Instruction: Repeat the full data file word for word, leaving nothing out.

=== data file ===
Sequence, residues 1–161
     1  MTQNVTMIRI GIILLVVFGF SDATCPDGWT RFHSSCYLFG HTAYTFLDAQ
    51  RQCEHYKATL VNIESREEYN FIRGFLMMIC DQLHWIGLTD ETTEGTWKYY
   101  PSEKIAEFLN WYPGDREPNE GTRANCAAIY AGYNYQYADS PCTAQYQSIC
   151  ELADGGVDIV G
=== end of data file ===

Sequence, residues 1–161
     1  MTQNVTMIRI GIILLVVFGF SDATCPDGWT RFHSSCYLFG HTAYTFLDAQ
    51  RQCEHYKATL VNIESREEYN FIRGFLMMIC DQLHWIGLTD ETTEGTWKYY
   101  PSEKIAEFLN WYPGDREPNE GTRANCAAIY AGYNYQYADS PCTAQYQSIC
   151  ELADGGVDIV G